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Persistent Müllerian duct syndrome is a disorder of sexual development that affects males. Males with this disorder have normal male reproductive organs, though they also have a uterus and fallopian tubes, which are female reproductive organs. The uterus and fallopian tubes are derived from a structure called the Müllerian duct during development of the fetus. The Müllerian duct usually breaks down during early development in males, but it is retained in those with persistent Müllerian duct syndrome. Affected individuals have the normal chromosomes of a male (46,XY) and normal external male genitalia.
The first noted signs and symptoms in males with persistent Müllerian duct syndrome are usually undescended testes (cryptorchidism) or soft out-pouchings in the lower abdomen (inguinal hernias). The uterus and fallopian tubes are typically discovered when surgery is performed to treat these conditions.
The testes and female reproductive organs can be located in unusual positions in persistent Müllerian duct syndrome. Occasionally, both testes are undescended (bilateral cryptorchidism) and the uterus is in the pelvis. More often, one testis has descended into the scrotum normally, and one has not. Sometimes, the descended testis pulls the fallopian tube and uterus into the track through which it has descended. This creates a condition called hernia uteri inguinalis, a form of inguinal hernia. In other cases, the undescended testis from the other side of the body is also pulled into the same track, forming an inguinal hernia. This condition, called transverse testicular ectopia, is common in people with persistent Müllerian duct syndrome.
Other effects of persistent Müllerian duct syndrome may include the inability to father children (infertility) or blood in the semen (hematospermia). Also, the undescended testes may break down (degenerate) or develop cancer if left untreated.
Persistent Müllerian duct syndrome is a rare disorder; however, the prevalence of the condition is unknown.
Most people with persistent Müllerian duct syndrome have mutations in the AMH gene or the AMHR2 gene. The AMH gene provides instructions for making a protein called anti-Müllerian hormone (AMH). The AMHR2 gene provides instructions for making a protein called AMH receptor type II.
The AMH protein and AMH receptor type II protein are involved in male sex differentiation. All fetuses develop the Müllerian duct, the precursor to female reproductive organs. During development of a male fetus, these two proteins work together to induce breakdown (regression) of the Müllerian duct. Mutations in the AMH and AMHR2 genes lead to nonfunctional proteins that cannot signal for regression of the Müllerian duct. As a result of these mutations, the Müllerian duct persists and goes on to form a uterus and fallopian tubes.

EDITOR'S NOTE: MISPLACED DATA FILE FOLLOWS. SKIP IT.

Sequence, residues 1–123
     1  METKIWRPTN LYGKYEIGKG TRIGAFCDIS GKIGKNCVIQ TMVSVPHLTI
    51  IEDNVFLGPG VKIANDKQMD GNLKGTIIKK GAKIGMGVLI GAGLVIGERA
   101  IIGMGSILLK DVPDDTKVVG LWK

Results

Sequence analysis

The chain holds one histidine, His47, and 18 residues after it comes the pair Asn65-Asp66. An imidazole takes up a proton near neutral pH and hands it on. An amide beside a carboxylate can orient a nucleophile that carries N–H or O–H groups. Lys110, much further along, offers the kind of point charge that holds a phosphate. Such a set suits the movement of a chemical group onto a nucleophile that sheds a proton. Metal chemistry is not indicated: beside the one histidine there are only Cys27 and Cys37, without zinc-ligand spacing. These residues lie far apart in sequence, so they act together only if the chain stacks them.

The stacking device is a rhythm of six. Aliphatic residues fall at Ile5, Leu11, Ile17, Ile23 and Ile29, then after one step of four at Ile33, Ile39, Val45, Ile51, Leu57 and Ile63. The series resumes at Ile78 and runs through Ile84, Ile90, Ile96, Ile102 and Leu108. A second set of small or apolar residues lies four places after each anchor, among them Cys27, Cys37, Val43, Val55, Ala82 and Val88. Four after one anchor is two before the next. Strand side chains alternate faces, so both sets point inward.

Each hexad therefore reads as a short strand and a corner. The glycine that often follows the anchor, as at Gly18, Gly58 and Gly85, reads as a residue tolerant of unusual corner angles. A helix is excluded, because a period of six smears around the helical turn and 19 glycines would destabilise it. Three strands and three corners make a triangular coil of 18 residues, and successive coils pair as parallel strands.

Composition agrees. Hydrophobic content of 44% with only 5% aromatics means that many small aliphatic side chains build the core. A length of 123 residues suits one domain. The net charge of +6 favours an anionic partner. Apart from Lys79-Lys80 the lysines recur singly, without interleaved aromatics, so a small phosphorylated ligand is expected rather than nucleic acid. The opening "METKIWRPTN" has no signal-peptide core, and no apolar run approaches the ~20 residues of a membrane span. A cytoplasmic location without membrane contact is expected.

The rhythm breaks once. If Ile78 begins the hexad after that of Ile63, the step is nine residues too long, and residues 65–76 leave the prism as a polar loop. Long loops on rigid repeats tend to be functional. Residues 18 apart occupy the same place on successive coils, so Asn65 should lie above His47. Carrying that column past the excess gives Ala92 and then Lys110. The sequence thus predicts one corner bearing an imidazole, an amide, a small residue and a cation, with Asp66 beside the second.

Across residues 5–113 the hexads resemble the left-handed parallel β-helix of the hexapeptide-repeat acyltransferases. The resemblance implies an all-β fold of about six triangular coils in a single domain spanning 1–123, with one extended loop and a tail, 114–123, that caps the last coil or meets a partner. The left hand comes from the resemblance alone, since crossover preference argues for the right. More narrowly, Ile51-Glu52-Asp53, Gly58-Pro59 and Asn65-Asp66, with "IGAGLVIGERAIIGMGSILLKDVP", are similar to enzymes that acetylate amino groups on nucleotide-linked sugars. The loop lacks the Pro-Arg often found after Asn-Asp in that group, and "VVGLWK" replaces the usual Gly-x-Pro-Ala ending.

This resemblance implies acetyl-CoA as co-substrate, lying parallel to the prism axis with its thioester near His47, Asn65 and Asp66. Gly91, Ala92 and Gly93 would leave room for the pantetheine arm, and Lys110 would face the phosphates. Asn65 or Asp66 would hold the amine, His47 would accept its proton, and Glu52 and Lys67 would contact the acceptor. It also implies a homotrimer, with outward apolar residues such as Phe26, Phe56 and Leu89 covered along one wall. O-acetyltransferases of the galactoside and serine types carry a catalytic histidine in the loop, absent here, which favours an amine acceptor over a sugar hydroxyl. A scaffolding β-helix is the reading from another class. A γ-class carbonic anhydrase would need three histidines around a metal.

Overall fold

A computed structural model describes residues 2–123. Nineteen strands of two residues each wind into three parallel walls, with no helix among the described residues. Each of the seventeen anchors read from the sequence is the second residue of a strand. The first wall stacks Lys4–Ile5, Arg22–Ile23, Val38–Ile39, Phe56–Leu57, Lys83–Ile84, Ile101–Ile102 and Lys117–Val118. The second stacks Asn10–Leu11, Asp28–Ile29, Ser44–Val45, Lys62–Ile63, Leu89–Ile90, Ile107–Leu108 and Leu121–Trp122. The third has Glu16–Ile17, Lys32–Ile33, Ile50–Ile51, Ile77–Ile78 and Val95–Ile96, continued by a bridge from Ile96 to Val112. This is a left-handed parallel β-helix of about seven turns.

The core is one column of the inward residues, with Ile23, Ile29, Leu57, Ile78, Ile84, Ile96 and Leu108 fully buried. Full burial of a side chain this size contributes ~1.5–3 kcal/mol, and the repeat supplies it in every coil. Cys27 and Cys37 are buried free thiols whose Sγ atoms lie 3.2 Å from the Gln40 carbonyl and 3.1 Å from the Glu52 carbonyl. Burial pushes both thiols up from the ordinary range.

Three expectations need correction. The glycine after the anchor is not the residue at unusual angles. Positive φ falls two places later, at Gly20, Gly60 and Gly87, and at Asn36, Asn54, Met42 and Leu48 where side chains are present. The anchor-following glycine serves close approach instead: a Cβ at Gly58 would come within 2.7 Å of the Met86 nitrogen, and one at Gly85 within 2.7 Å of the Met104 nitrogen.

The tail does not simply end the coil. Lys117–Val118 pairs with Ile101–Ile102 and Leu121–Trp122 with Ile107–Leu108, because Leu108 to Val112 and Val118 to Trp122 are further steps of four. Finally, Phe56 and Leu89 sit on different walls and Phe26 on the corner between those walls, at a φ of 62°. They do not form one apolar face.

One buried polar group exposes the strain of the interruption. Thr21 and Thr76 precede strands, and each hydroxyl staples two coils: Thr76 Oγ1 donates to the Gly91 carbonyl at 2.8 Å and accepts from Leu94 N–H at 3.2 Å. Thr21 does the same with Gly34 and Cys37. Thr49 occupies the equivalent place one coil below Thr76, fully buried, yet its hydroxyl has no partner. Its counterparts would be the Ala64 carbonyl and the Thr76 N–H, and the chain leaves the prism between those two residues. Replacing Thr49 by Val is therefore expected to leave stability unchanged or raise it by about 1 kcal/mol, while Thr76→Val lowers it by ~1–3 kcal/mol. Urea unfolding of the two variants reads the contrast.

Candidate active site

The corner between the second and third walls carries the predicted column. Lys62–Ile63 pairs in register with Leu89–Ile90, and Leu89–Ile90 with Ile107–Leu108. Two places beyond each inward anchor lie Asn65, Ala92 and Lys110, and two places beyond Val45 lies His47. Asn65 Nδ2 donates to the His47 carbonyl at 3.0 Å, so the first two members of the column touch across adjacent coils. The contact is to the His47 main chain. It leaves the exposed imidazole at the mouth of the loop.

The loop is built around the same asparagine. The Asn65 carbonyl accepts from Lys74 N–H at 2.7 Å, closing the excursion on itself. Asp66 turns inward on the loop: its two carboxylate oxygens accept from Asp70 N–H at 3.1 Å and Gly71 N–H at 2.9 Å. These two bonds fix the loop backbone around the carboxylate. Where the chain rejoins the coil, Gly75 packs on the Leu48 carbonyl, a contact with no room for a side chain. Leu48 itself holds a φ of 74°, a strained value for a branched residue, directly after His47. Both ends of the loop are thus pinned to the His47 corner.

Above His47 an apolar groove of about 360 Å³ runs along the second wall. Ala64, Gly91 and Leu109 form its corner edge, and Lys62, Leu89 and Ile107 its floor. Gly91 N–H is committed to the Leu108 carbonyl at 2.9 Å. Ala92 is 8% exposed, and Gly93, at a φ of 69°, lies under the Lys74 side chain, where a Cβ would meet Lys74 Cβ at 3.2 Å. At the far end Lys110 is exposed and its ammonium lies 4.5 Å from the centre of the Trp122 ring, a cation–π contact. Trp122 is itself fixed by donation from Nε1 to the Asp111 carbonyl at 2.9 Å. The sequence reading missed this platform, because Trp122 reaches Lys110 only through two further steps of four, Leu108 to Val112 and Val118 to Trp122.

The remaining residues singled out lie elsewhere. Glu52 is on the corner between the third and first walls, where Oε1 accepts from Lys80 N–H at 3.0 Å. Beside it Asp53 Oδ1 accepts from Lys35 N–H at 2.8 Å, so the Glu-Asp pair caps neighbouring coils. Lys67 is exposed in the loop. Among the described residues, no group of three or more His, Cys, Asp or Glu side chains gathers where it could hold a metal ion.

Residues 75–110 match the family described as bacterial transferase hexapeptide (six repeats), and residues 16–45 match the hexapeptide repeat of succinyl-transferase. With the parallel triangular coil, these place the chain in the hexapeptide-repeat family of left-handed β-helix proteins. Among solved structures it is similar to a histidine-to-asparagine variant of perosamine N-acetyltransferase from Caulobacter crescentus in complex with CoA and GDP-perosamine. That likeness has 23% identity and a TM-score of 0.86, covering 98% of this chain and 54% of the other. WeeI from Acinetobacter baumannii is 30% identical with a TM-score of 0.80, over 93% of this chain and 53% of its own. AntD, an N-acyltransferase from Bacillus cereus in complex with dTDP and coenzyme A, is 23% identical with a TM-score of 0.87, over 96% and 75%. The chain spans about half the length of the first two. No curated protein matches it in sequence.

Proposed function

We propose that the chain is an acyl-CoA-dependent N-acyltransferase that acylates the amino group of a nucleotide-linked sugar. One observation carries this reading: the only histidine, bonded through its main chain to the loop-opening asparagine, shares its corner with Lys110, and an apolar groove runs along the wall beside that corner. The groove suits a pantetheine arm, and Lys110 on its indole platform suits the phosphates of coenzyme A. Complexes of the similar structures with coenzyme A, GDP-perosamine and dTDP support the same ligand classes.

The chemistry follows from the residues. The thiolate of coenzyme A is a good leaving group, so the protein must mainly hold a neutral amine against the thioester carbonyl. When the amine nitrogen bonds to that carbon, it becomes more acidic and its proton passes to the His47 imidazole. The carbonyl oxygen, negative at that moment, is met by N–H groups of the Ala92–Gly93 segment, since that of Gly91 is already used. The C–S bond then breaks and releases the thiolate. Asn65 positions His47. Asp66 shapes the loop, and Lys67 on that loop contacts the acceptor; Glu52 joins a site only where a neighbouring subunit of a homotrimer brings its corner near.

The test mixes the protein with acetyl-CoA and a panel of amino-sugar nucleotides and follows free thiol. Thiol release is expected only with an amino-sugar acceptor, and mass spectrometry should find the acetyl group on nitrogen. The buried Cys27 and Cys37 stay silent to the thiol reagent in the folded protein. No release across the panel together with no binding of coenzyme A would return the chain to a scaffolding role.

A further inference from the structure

Approximately 45 percent of cases of persistent Müllerian duct syndrome are caused by mutations in the AMH gene and are called persistent Müllerian duct syndrome type 1. Approximately 40 percent of cases are caused by mutations in the AMHR2 gene and are called persistent Müllerian duct syndrome type 2. In the remaining 15 percent of cases, no mutations in the AMH and AMHR2 genes have been identified, and the genes involved in causing the condition are unknown.
Changes in these genes are associated with persistent Müllerian duct syndrome.
This condition is inherited in an autosomal recessive pattern, which means both copies of the gene in each cell have mutations. The parents of an individual with an autosomal recessive condition each carry one copy of the mutated gene, but they typically do not show signs and symptoms of the condition. However, persistent Müllerian duct syndrome affects only males. Females with two mutated copies of the gene do not show signs and symptoms of the condition.
These resources address the diagnosis or management of persistent Müllerian duct syndrome and may include treatment providers.
You might also find information on the diagnosis or management of persistent Müllerian duct syndrome in Educational resources (/condition/persistent-mullerian-duct-syndrome/show/Educational+resources) and Patient support (/condition/persistent-mullerian-duct-syndrome/show/Patient+support).
General information about the diagnosis (http://ghr.nlm.nih.gov/handbook/consult/diagnosis) and management (http://ghr.nlm.nih.gov/handbook/consult/treatment) of genetic conditions is available in the Handbook. Read more about genetic testing (http://ghr.nlm.nih.gov/handbook/testing), particularly the difference between clinical tests and research tests (http://ghr.nlm.nih.gov/handbook/testing/researchtesting).
To locate a healthcare provider, see How can I find a genetics professional in my area? (http://ghr.nlm.nih.gov/handbook/consult/findingprofessional) in the Handbook.
You may find the following resources about persistent Müllerian duct syndrome helpful. These materials are written for the general public.
You may also be interested in these resources, which are designed for healthcare professionals and researchers.
For more information about naming genetic conditions, see the Genetics Home Reference Condition Naming Guidelines (http://ghr.nlm.nih.gov/ConditionNameGuide) and How are genetic conditions and genes named? (http://ghr.nlm.nih.gov/handbook/mutationsanddisorders/naming) in the Handbook.
Ask the Genetic and Rare Diseases Information Center (http://rarediseases.info.nih.gov/gard).
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You may find definitions for these and many other terms in the Genetics Home Reference Glossary (/glossary).
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